You may not have noticed it, but a division of the Federal Communications Commission made a decision earlier this month that could have a big impact on your TV viewing.
On the positive side, many pay-TV customers may soon be able to watch recently released movies from the comfort of their couch long before they are available on DVD.
But many other consumers, especially those with older TVs, won't be able to watch those films at all. For the first time, the FCC will allow cable and satellite TV operators to switch off outputs on set-top boxes, making them unable to transmit video signals over older, generally analog ports.
This limitation will affect more than just owners of older TVs. By shutting off those ports, pay-TV operators will make it impossible for consumers to record the first-run films on external media recorders to watch them later on other gadgets, or to use devices such as a Sling Box to watch them in places other than where their pay-TV set-top box resides.
The FCC's decision could lead to these types of restrictions for content other than first-run movies. In the near future, you might not be able to Sling a 49ers game, record NBC's broadcast of "The Office" in a way that you can transfer it to your iPhone, or watch any movie at all unless you have a recent-model TV and a relatively pricey digital HDMI cable with which to connect it to your set-top box.
The FCC's action came in the form of a waiver to a rule approved nearly seven years ago. At that time, the content industry was growing concerned about Internet piracy of movies and songs, so the movie studios and cable operators asked the FCC for approval to shut off video outputs on new digital set-top boxes that didn't include built-in copy protection technology.
The FCC not only refused but also banned pay-TV operators from using so-called selectable output controls. But the commission allowed operators to include such technology in their set-top boxes and set up a process by which they or content owners could apply for waivers to the ban. The commission argued that the industry might in the future develop consumer-friendly business models in which they might need to take advantage of the output controls.
Offering first-run movies to consumers for early on-demand viewing is the first such proposal to meet with FCC approval. Under the waiver granted by the Media Bureau, pay-TV operators can activate the output controls and shut off analog video outputs when transmitting these movies. The restrictions on the movies will stay in place for 90 days or until they're available on DVD or through Apple's iTunes or other online services.
The bureau made the move at the behest of the Motion Picture Association of America, which represents the major studios. The MPAA argued that the studios wouldn't offer first-run movies on demand unless they were able to protect the movies from being copied.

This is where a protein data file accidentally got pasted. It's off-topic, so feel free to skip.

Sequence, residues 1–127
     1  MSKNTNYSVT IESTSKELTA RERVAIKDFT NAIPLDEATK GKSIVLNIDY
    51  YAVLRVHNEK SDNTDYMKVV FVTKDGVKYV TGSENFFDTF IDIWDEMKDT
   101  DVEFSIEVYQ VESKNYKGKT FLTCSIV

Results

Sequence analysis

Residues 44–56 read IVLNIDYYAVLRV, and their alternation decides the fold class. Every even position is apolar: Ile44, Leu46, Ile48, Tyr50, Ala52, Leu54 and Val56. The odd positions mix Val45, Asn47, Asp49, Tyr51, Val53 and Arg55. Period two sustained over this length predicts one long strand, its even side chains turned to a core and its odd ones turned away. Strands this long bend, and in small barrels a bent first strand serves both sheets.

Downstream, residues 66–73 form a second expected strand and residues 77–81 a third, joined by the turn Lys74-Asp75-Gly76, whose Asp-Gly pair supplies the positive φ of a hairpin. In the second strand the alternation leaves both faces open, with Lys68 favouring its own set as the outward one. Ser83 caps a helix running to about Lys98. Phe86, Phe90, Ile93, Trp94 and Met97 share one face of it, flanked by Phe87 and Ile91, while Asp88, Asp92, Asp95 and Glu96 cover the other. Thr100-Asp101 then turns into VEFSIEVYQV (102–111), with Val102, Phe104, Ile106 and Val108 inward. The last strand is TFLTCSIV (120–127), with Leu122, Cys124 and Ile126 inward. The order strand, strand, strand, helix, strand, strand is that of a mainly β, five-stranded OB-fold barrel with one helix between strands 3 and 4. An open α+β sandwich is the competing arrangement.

At first blush, the waiver seems reasonable. Movie piracy is rampant online through file swapping networks like Bit Torrent. While the analog outputs on a set-top box can be used for legitimate purposes, they can also be used to make copies of movies or TV shows that can then be distributed illicitly via those swapping networks.
To date, the major studios have largely avoided releasing movies for on-demand viewing before they come out on DVD, and it's not unreasonable to think that they truly are trying to prevent greater piracy of their films.
Meanwhile, those consumers with recently purchased televisions and digital connections will get something they haven't had access to before: first-run movies on demand. And those consumers without such connections won't be losing anything; they don't have access to such films right now.
But if you dig a little deeper, the decision becomes a bit more disturbing, illogical and potentially damaging for consumers.
Pirated versions of movies are frequently available within days of their theatrical release, if not before. Shutting off the analog ports on consumers' televisions isn't going to do anything to stop that.
Moreover, the FCC is essentially going back on its word.
The whole reason it barred pay-TV operators from switching on output controls was because it didn't want them discriminating against particular groups of consumers, especially those who bought the first generations of digital televisions and helped create a market for such devices.
Those TVs don't have the HDMI ports that will be needed for getting these first-run movies. Now, with some 10 million to 20 million of those sets still in consumers' homes, the FCC is saying it's OK to treat those sets differently.
But the biggest problem with the decision is the precedent it sets. Because the FCC has now said it's OK in some instances to activate output controls, you better believe that the MPAA or other groups will argue for other opportunities to impose such restrictions.
If the content industry has its way, we may have more access to its movies and programs, but only if we let it decide where, when and how we watch them.
Explore further: Putting net neutrality in context